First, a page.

Dawson City (Music Festival)
Contrary to our normal practice of just missing festivals we did manage to arrive at Dawson City just in time for their 35th Annual Music Festival.
Dawson City sits at the confluence of the Yukon River (the big brown one) and the Klondike River (the little black one). It went from obscurity to being the Paris of the North (it had electric light before New York) with the 1898 Klondike Gold Rush. At one point Dawson City had a population of around 30,000, this eventually fell to a few hundred, and now sits at 1,900.
Unlike Skagway (which feels like a Disney recreation) Dawson feels real. Admittedly many of the old buildings
have been restored by Parks Canada, nevertheless it is a real
town city, with real industry (Gold Mining),
and a University as well as tourism.
The Masonic Hall (second row, right) looks as if it is made of stone, but like all the other buildings in town it is made of wood, but in this case clad in "tin plate" and painted to look like stone.
The Dawson City Music Festival runs for three days, and whilst the majority of acts could, very broadly, be described as "country" there were other genres on offer.
We particularly liked Hannah Epperson (violin and loop pedal).
The music festival was divided between the main tent and the Palace Grand Theatre (restored to gold rush era grandeur by Parks Canada).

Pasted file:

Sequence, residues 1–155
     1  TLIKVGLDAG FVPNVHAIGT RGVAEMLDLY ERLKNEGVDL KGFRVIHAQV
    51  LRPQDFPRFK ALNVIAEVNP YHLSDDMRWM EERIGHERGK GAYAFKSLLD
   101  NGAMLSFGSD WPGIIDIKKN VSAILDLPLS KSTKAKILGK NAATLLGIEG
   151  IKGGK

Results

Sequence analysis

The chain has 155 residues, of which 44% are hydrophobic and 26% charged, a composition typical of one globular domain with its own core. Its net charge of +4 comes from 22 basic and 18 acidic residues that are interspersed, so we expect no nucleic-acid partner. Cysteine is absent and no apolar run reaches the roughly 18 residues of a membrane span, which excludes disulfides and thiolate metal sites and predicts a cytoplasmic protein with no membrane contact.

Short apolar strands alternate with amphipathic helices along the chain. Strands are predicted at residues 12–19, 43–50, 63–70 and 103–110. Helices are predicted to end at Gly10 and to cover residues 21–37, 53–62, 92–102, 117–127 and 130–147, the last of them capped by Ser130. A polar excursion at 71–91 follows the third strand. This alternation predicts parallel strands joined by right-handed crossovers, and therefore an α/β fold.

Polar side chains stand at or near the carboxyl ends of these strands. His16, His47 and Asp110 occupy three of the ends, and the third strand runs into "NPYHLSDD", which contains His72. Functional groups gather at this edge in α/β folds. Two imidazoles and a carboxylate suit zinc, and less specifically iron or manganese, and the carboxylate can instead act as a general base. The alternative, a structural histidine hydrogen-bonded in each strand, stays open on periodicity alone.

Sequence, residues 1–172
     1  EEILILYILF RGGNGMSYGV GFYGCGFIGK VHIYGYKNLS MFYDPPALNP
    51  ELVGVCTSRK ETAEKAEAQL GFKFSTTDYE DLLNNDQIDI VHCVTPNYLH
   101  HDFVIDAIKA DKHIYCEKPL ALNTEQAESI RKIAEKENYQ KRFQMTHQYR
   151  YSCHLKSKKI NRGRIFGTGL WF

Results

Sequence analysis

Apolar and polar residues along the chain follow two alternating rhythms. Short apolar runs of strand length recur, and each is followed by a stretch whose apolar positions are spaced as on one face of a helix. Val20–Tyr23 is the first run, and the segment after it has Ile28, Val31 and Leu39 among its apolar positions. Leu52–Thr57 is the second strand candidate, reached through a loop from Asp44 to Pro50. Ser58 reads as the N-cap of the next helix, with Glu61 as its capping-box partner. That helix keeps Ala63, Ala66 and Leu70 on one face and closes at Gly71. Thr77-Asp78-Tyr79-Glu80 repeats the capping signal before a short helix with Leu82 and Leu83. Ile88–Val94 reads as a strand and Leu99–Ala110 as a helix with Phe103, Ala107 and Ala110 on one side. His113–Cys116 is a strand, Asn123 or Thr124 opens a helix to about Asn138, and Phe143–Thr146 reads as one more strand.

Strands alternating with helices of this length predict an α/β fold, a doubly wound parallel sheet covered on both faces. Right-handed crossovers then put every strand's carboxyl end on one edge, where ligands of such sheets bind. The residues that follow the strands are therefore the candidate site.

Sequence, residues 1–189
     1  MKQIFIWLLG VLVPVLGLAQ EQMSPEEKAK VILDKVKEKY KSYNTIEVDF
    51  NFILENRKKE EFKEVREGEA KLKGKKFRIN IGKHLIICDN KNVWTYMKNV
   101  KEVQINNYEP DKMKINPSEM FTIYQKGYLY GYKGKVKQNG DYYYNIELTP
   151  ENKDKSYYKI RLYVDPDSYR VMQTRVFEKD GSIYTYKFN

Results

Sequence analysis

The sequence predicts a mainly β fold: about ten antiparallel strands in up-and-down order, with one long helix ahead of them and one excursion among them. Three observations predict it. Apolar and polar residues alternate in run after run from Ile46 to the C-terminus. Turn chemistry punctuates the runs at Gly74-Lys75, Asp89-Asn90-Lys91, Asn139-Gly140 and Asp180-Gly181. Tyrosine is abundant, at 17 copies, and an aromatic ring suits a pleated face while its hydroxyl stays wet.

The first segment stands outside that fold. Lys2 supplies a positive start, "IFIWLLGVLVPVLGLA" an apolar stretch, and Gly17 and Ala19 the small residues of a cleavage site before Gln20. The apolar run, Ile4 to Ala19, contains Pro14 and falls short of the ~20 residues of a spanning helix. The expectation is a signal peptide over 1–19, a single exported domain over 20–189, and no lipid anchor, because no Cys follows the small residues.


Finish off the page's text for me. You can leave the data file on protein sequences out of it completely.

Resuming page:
One interesting feature of the festival was the "pot luck" event where performers were mixed at random and then with little or no rehearsal performed in "workshops".
Other interesting performers were Rachel Sermanni from Scotland.
The star of the festival (for us at least) were The Jerry Cans. The Jerry Cans will take you on a stroll through Iqaluit, Nunavut with their unique mix of Inuktitut country swing, throat singing, reggae, and blues, sharing a glimpse of life in Nunavut while challenging misrepresentation of the great white north. Nunavuttitut! Nunavut Style!
Dawson City is well worth several days, with or without the music festival. Recommended. Stay at the Gold Rush Campground in town if attending the music festival (book in advance). Both the Jack London and Robert Service cabins are well worth a look. It is not essential nor probably even desirable to "kiss the toe".